A Facebook friend request may soon come with a little more. The social-media website announced Thursday that it's expanding charitable giving tools to include personal fundraisers.

Facebook users aged 18 and over will be able to raise money for one of six categories approved by the site, including education, medical, pet medical, crisis relief, personal emergencies, and funeral or loss. For fraud protection, there will be an initial 24-hour automated review process for each campaign. Facebook plans to roll out the program in the U.S. in the next several weeks.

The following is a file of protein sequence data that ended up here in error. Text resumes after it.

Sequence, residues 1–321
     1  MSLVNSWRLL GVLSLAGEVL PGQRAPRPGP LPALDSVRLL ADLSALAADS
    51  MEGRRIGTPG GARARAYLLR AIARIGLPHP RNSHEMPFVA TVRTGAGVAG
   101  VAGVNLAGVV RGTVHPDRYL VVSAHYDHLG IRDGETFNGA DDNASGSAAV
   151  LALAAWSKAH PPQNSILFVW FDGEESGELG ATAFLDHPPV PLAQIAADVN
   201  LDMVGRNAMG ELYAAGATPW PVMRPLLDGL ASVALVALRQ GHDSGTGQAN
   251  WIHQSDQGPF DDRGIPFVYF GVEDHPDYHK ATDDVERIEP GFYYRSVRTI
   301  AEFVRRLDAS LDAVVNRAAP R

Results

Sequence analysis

Previously, the company allowed users to raise money only for nonprofits. The new fundraising feature will incur a transaction fee of 6.9 percent and $0.30 per donation, which is slightly more than the 5 percent fee nonprofits take.

"We're not in the business of making profit on this," Facebook spokesperson Stephen Rocco Rodi told CNNTech, adding that the fee covers fraud protection, payment processing, and vetting.

Facebook is no stranger to fundraisers. Most notably, the social-media platform helped make the 2014 ice bucket challenge a viral sensation that raised $115 million for charity. The new option puts Facebook in direct competition with other donation sites like GoFundMe and YouCaring.

Facebook tested a fundraising feature in 2015 with 37 charities, including the World Wildlife Fund, Mercy Corps, and the National Multiple Sclerosis Society. Each nonprofit's page had a "donate" button that allowed users to make contributions through PayPal or with credit cards.